Pacific News Minute: Competing clans claim ownership of new island in Papua New Guinea
A new island has appeared in Papua New Guinea. The development has led to tensions and even outbreaks of violence as competing clans claim ownership of the land.
The island is in the southeastern part of the country. It has gradually formed from three smaller islands over the course of two decades, but has only solidified over the past few years.
The island is only accessible by canoe, and it’s covered by low-growing shrubs and tropical pine.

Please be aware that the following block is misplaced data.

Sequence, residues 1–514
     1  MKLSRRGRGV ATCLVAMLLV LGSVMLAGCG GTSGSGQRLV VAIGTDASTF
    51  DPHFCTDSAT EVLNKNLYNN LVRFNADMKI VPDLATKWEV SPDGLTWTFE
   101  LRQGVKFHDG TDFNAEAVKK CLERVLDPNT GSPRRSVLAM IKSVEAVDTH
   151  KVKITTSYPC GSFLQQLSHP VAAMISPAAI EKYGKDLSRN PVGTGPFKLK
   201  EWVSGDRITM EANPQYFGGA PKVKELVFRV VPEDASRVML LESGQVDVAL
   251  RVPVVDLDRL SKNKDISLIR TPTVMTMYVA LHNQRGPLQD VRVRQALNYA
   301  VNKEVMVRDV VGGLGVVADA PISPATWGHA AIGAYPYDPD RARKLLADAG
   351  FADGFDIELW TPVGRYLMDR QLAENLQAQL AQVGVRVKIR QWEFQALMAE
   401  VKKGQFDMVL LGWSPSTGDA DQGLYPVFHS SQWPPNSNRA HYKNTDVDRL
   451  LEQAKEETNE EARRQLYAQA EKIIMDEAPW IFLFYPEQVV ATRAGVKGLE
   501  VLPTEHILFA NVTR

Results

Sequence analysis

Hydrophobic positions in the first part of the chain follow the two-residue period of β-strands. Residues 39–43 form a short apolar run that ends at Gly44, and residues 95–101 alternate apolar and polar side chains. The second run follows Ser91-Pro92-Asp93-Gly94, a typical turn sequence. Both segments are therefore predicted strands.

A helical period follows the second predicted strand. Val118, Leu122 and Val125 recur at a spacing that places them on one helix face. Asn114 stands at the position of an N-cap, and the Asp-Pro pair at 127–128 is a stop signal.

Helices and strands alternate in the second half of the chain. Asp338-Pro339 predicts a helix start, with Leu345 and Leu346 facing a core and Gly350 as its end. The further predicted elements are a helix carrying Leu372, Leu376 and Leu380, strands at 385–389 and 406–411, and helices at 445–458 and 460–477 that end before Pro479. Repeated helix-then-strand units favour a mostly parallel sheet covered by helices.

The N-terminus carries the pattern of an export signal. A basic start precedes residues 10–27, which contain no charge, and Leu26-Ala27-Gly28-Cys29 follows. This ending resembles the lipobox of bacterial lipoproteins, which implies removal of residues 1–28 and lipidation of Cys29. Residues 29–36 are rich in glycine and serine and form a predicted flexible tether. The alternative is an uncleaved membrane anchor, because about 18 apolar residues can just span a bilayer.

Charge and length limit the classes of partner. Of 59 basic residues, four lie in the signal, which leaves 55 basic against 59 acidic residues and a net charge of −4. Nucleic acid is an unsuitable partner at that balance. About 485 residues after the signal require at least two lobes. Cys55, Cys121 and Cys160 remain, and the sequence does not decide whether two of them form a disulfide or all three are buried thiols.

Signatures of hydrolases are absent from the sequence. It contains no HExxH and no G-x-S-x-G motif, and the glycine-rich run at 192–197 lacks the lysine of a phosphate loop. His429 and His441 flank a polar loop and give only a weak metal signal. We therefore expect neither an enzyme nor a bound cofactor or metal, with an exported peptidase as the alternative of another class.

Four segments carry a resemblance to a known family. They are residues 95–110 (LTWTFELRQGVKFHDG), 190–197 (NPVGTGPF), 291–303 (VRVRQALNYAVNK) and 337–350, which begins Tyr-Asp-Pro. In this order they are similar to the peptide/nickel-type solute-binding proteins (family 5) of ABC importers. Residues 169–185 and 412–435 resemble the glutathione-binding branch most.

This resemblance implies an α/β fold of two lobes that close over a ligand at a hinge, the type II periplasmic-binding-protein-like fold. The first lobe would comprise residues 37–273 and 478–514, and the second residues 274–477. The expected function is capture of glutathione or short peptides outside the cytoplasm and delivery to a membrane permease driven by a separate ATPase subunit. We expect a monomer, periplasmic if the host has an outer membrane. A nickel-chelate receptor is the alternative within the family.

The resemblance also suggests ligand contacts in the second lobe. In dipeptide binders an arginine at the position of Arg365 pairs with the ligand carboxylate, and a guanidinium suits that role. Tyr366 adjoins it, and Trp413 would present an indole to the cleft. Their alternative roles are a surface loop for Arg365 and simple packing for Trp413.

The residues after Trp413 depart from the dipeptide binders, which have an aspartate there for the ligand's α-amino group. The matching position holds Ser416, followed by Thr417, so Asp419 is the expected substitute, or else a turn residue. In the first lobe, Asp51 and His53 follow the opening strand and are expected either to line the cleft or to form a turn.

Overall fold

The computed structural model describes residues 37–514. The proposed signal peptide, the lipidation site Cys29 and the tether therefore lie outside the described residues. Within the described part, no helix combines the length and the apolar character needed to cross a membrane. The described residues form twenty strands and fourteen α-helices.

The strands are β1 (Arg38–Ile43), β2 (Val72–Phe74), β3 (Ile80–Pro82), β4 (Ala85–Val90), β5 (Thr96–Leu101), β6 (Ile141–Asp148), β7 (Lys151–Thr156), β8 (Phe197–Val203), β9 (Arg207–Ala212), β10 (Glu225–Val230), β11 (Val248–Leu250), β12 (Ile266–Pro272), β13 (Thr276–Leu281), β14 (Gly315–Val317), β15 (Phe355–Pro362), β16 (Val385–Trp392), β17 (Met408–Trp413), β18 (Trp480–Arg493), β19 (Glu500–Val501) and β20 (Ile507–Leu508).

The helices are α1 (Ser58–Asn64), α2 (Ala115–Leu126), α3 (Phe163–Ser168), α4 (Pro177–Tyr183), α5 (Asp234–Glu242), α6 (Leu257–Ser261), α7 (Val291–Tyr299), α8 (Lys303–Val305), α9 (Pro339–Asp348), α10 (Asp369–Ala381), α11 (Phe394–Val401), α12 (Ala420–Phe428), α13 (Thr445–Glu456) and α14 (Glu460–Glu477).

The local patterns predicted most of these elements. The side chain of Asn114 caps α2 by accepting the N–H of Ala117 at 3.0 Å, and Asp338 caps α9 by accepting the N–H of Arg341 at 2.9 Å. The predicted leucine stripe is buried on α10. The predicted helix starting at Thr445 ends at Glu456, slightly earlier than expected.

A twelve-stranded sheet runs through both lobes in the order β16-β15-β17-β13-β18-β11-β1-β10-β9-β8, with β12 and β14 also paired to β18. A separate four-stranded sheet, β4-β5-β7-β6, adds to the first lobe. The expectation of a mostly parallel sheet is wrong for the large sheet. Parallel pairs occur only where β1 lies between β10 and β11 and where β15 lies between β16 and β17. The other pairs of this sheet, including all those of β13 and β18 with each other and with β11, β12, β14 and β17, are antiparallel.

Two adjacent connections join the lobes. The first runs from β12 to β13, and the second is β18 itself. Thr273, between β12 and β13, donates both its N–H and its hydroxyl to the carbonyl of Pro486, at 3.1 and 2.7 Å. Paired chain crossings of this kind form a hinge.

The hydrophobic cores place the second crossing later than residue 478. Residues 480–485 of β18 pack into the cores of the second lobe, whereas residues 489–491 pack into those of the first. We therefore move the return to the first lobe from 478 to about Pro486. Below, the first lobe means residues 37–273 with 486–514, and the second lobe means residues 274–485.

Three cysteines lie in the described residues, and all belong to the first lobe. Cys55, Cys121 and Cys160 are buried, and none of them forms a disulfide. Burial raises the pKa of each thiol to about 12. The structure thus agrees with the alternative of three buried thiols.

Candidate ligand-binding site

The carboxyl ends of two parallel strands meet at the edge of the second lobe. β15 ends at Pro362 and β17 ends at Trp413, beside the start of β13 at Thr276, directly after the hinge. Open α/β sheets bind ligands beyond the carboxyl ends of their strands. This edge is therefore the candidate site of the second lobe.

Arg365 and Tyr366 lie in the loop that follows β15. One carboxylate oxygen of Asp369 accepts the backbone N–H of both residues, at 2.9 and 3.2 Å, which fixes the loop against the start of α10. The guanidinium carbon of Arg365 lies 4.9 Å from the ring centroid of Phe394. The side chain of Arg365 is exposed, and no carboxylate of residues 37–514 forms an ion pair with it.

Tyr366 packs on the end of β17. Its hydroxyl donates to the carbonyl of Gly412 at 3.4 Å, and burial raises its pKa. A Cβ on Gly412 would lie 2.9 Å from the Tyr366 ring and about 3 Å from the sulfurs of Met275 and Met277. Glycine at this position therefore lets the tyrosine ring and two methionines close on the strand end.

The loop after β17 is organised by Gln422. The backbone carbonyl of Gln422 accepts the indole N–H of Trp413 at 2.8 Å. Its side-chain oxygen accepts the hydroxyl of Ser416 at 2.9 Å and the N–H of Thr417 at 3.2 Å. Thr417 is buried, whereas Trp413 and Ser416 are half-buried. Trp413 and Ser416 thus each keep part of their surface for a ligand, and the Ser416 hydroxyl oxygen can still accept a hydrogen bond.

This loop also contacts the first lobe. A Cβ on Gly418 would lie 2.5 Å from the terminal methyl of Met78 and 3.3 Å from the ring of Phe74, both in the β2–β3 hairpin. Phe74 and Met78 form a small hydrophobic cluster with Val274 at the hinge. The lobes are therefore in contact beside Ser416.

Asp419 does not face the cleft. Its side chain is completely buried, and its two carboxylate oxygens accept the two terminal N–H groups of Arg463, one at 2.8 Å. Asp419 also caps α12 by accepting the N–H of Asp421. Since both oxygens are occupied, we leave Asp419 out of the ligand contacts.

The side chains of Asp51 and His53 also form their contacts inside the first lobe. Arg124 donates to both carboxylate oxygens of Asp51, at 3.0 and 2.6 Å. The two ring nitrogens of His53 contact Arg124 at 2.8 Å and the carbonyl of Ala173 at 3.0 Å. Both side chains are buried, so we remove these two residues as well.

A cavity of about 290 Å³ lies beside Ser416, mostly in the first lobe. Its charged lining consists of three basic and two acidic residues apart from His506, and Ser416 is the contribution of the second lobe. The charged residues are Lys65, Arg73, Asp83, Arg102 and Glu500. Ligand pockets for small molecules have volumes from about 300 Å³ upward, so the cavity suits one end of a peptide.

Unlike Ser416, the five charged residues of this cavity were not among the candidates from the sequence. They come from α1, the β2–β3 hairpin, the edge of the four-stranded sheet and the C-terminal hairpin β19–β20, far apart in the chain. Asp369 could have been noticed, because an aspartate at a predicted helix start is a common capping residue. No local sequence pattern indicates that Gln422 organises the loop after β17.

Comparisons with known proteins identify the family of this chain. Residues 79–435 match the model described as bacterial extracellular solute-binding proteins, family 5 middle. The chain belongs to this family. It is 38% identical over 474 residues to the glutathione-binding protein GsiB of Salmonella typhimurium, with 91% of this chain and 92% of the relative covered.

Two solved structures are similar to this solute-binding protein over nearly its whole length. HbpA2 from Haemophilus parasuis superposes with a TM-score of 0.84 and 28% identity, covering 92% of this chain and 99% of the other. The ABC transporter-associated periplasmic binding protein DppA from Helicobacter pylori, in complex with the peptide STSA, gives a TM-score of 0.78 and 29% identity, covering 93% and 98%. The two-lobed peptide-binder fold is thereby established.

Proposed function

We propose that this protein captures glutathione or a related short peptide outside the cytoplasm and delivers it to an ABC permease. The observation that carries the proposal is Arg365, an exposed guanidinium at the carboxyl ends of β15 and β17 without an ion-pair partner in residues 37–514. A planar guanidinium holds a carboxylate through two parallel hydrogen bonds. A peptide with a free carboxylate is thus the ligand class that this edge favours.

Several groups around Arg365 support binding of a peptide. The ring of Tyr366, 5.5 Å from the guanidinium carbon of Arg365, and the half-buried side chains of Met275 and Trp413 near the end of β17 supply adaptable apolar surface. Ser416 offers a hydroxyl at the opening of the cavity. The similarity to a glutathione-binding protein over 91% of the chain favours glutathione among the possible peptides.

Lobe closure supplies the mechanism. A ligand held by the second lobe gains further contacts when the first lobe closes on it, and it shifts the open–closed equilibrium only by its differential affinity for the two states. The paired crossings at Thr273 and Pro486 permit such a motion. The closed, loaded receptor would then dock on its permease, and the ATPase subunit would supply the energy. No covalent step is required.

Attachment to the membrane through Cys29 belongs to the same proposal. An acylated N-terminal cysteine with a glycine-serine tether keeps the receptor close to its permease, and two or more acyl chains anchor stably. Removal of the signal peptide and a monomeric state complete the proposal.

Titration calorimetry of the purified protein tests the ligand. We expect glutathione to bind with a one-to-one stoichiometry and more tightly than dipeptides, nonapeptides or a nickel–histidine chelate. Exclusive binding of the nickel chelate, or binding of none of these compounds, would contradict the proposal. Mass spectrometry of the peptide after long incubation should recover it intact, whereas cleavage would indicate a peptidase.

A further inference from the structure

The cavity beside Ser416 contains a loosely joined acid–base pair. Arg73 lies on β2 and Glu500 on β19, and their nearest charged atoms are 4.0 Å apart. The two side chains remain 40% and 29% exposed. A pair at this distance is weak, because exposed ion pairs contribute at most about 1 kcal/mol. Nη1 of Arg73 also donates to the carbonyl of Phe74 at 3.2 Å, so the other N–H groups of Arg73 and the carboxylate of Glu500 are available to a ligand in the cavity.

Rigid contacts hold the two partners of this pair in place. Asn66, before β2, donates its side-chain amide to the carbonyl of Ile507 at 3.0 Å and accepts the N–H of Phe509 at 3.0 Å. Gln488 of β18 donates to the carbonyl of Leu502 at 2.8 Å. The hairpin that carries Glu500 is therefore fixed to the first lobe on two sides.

Local fisherman Simon Seboda tells The Guardian that at first it was made entirely of just crushed coral and sand, but now there’s soil and vegetation.
The island’s emergence has caused fights among two local tribes, including one instance in which a man was stabbed.
Clans have taken the matter to village and district courts to resolve the dispute.
Members of the Yega tribe say their ancestors first settled the mainland opposite the island hundreds of years ago, in a village called Waususu, and eventually moved inland.
But the Garara people, who now live along the coastline, also claim ownership of the island.
The formation of the island has yet to be studied. Locals say that the government has not visited the area to investigate.
But the community believes the island formed as wind and waves repeatedly deposited sediment – possibly pollution from a local palm oil factory.